Furthermore, in criticism of Mill, Coole employs Harriet Taylor's argument that:

"A woman who contributes materially to the support of the family cannot be treated in the same contemptuously tyrannical manner as one who, however she may toil as a domestic drudge, is dependant on the man for subsistence." [Taylor, H, 1851, quoted Coole, D, 1988, p.145]

in order to show that Taylor was more radical than Mill, and he less of a feminist. Yet experience in modern times has shown that many men continue to tyrannise their wives, whether contributing financially or not, experience of which Taylor would have been unaware, but of which Coole, unless totally sheltered from reality, must surely be aware.

Whilst Taylor's ideas may well be described as more radical than those of Mill, they may also be described as naive in that, twenty years after The Enfranchisement of Women (1851) was published, no appreciable change had taken place in women's position vis-a-vis their male partners or their legal status. Mill, on the other hand, understood politics and understood that it was necessary to appeal to men, who after all held the power to effect change, in a rational and non-threatening way. Major change in the traditional order takes time to achieve, as witnessed by the fact that it was not until one hundred years after The Subjection of Women was published that the 1969 Matrimonial Property Act ensured an equal distribution of assets on divorce by stating that the woman's work as housewife or wage earner should be counted an equal contribution to creating the family home.

It is necessary to separate out the feasible from the radical and move forward at a pace that is acceptable to those who wield the power, and particularly so, as argued by Mill, in the case where those who wield the power are also those who benefit most from their current position. In comparing the position of women in marriage to that of slaves, Mill argued that the task of achieving full equality would be arduous since the subjection was enshrined in custom and tradition and men were naturally indisposed towards change from a pattern of life that suited their purposes. Slavery at that time had been abolished throughout Europe, yet the slavery of women continued, albeit in a more refined, institutionalised form. As it had taken so long to abolish slavery, when only the few stood to benefit from it, Mill argued that it was no surprise that, with every man in the world standing to benefit, it would take much longer to abolish the subjection of women.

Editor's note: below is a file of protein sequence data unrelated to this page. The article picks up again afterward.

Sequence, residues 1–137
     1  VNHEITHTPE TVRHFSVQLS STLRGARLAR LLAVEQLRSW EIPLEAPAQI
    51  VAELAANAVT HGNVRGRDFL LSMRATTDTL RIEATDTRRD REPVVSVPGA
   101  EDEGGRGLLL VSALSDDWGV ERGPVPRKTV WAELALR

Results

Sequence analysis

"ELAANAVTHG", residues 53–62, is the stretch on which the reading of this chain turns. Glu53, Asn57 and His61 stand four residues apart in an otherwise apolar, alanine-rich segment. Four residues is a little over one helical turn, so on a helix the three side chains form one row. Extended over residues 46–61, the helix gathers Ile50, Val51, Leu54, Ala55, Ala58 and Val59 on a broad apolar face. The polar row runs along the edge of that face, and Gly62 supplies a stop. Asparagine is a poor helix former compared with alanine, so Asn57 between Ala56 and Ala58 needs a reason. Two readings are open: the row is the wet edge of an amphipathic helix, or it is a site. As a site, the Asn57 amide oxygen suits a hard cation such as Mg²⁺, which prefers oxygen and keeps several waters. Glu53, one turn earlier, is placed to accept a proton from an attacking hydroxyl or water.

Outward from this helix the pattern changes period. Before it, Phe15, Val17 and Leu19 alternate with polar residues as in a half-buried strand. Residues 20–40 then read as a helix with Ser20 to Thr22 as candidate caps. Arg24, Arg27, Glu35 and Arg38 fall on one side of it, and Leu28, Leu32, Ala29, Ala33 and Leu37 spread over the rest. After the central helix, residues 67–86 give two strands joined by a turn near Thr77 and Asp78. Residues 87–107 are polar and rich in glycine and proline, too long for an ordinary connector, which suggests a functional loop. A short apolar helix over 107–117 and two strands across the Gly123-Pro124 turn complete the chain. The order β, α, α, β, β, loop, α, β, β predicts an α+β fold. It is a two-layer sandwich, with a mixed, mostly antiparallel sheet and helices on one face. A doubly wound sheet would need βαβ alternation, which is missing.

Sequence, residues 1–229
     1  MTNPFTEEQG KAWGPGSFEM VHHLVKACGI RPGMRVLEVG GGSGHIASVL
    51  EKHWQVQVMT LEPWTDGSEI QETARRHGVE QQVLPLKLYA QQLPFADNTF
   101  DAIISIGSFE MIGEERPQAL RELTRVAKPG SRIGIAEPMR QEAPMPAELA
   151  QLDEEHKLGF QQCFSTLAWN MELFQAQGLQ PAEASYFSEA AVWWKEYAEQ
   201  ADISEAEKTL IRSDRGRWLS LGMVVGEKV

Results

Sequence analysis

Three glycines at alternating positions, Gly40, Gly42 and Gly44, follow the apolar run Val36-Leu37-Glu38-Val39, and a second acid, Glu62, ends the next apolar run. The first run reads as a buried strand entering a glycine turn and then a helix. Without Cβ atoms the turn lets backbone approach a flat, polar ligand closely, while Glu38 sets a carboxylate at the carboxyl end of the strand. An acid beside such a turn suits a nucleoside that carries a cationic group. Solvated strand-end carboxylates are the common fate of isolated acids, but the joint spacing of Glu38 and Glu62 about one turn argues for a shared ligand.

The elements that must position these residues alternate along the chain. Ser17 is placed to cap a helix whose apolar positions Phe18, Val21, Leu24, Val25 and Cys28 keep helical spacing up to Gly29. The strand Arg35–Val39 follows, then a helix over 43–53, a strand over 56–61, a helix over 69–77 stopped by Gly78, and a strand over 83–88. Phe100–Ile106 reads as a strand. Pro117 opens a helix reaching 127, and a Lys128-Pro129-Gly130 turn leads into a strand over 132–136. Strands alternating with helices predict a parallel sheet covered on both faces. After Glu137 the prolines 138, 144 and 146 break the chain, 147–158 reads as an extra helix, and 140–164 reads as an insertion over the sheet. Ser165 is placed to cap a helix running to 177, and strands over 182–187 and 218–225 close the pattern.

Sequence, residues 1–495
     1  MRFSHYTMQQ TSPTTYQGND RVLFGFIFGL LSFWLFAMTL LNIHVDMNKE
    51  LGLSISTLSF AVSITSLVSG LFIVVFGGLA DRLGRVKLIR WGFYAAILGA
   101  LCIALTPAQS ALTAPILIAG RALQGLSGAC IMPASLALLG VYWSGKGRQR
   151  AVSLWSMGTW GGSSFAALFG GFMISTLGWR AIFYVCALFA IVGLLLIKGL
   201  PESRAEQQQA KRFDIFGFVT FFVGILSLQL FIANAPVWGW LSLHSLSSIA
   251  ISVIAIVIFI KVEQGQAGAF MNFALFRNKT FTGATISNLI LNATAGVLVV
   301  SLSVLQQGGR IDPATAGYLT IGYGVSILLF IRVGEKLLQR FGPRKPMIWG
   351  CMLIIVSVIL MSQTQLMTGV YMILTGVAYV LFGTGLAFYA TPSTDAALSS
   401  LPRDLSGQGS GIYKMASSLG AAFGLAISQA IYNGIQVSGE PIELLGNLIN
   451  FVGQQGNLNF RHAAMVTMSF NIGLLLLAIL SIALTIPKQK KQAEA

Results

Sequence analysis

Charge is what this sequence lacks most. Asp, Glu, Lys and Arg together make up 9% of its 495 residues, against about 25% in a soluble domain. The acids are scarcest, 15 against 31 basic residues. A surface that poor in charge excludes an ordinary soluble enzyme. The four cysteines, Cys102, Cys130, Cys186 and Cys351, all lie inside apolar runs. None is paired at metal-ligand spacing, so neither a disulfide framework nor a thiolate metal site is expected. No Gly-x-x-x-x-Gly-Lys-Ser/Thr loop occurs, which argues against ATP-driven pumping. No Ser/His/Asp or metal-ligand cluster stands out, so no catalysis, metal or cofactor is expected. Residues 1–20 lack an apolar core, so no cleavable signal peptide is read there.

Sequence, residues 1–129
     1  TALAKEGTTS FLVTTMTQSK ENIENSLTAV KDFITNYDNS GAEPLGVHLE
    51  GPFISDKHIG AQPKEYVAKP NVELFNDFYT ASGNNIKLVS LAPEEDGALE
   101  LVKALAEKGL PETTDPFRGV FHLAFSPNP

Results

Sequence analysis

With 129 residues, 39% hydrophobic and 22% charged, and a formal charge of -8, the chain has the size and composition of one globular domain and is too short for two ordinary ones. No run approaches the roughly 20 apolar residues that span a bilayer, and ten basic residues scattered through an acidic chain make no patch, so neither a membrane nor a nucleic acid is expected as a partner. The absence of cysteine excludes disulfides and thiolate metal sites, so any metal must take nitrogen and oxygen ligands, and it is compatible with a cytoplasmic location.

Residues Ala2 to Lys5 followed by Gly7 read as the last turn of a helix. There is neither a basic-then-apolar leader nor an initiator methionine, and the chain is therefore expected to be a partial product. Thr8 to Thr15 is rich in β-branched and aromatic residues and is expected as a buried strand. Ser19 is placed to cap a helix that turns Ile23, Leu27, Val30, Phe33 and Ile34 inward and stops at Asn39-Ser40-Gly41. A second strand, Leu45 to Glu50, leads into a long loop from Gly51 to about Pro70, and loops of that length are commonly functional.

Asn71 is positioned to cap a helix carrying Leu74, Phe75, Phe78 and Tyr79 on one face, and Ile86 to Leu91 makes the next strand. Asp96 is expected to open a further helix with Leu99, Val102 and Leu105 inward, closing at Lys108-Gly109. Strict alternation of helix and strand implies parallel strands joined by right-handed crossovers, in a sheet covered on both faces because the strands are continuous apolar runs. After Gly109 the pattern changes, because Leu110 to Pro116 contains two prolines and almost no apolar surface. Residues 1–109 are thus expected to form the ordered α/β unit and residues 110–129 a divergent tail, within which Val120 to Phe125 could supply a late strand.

"Instead of being, to most of its supporters, a thing desirable chiefly in the abstract, or, like the political ends usually contended for by factions, of little private importance to any but the leaders; it comes home to the person and hearth of every male head of a family, and of everyone who looks forward to being so." (Mill, J S, 1869 par. 1.8)


This essay asserts that the family is indeed a good model for political society, that it was so in 1869 and, despite the many changes that have taken place since (and obviously taking account of the current diversity that exists whereby it may be more appropriate to refer to households than families) it remains so in 1997. We are all born into families, or households, and into an existing form of political society. The one should reflect the other insofar as each individual's early experiences of life occur with in the society of the family and their preparation for life thereafter is established therein. In addition, the morality of a society is reflected by those chosen to represent it in a national and global sense, those most visible to the world outside are seen as representative of the people that they purport to represent. A society that subjects women to a form of slavery cannot criticise one which enslaves other human beings, a society which holds people prisoners because of their political beliefs cannot criticise another for doing likewise, a society which pollutes the atmosphere via its manufacturing methods cannot criticise one which destroys forests to provide homes and livelihoods for its people. What is good for the goose must also be good for the gander.